The Moser–de Bruijn sequence forms the basis of an example of an irrational number with the unusual property that the decimal representations of and can both be written simply and explicitly. Let denote the Moser–de Bruijn sequence itself, and denote the numbers in this sequence multiplied by two: . Then for
a decimal number whose nonzero digits are in the positions given by the Moser–de Bruijn sequence, it follows that the nonzero digits of its reciprocal are in the positions given by :
Similar examples also work in other bases. For instance, the two binary numbers whose nonzero bits are in the same positions as the nonzero digits of the two decimal numbers above are also irrational reciprocals. These binary and decimal numbers, and the numbers defined in the same way for any other base by repeating a single nonzero digit in the positions given by the Moser–de Bruijn sequence, are transcendental numbers. Their transcendence can be proven from the fact that the long strings of zeros in their digits allow them to be approximated more accurately by rational numbers than would be allowed by Roth's theorem if they were algebraic numbers.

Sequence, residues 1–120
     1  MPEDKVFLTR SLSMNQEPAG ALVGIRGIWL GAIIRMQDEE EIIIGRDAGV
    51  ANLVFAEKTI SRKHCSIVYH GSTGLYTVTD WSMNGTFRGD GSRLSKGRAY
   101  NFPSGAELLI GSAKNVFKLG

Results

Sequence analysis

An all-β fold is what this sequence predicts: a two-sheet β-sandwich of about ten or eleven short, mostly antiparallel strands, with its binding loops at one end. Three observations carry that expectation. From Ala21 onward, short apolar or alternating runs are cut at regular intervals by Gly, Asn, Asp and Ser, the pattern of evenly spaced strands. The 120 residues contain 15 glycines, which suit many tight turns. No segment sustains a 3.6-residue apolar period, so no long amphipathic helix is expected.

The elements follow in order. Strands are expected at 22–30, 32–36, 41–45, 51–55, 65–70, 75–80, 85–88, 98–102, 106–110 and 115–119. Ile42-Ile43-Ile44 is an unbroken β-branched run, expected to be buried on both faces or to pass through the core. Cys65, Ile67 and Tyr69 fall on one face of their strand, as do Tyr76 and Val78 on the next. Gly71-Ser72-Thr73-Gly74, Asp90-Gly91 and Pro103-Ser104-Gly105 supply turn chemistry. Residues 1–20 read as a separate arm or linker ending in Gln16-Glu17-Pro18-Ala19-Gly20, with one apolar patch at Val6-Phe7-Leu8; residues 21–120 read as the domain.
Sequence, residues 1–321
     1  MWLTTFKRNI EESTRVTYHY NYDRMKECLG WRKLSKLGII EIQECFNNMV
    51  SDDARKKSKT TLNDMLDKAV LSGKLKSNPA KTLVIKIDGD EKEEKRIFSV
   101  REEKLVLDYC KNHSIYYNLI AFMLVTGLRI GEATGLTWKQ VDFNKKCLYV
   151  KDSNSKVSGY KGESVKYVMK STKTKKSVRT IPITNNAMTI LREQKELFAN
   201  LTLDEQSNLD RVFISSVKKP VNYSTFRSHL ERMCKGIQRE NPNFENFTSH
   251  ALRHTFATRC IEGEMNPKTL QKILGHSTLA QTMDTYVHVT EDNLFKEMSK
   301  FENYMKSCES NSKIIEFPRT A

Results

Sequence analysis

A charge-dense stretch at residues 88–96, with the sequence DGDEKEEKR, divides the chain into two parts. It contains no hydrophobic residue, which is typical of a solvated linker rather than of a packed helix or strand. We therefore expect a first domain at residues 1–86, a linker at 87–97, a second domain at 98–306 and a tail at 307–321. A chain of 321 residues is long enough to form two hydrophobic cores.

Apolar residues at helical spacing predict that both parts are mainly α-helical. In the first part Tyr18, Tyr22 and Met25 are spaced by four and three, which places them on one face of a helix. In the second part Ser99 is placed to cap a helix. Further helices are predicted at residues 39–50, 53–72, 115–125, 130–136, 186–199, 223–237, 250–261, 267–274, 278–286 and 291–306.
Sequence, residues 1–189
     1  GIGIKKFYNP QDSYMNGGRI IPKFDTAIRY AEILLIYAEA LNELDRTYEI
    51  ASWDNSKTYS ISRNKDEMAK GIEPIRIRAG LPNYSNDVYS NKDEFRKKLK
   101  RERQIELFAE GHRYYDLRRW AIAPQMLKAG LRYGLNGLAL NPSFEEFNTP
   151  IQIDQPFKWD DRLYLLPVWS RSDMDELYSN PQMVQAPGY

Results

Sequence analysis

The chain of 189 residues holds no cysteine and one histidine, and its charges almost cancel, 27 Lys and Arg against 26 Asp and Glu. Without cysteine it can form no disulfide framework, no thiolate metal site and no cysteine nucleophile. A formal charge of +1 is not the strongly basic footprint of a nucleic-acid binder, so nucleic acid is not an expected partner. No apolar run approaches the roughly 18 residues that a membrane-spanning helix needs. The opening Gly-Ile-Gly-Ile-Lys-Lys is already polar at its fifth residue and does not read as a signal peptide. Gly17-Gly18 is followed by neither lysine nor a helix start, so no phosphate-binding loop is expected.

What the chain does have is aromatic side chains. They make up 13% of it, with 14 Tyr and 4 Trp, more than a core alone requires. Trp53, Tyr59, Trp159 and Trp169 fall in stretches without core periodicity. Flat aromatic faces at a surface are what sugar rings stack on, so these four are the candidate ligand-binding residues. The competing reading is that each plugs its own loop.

whose exponents in the expanded form are given by the Moser–de Bruijn sequence, obeys the functional equations
For example, this function can be used to describe the two decimal reciprocals given above: one is and the other is . The fact that they are reciprocal is an instance of the first of the two functional equations. The partial products of the product form of the generating function can be used to generate the convergents of the continued fraction expansion of these numbers.
Recurrence and regularityEdit
The Moser–de Bruijn sequence obeys a recurrence relation that allows the nth value of the sequence, (starting at ) to be determined from the value at position :
- Cantor set, a fractal defined similarly using base-3 representations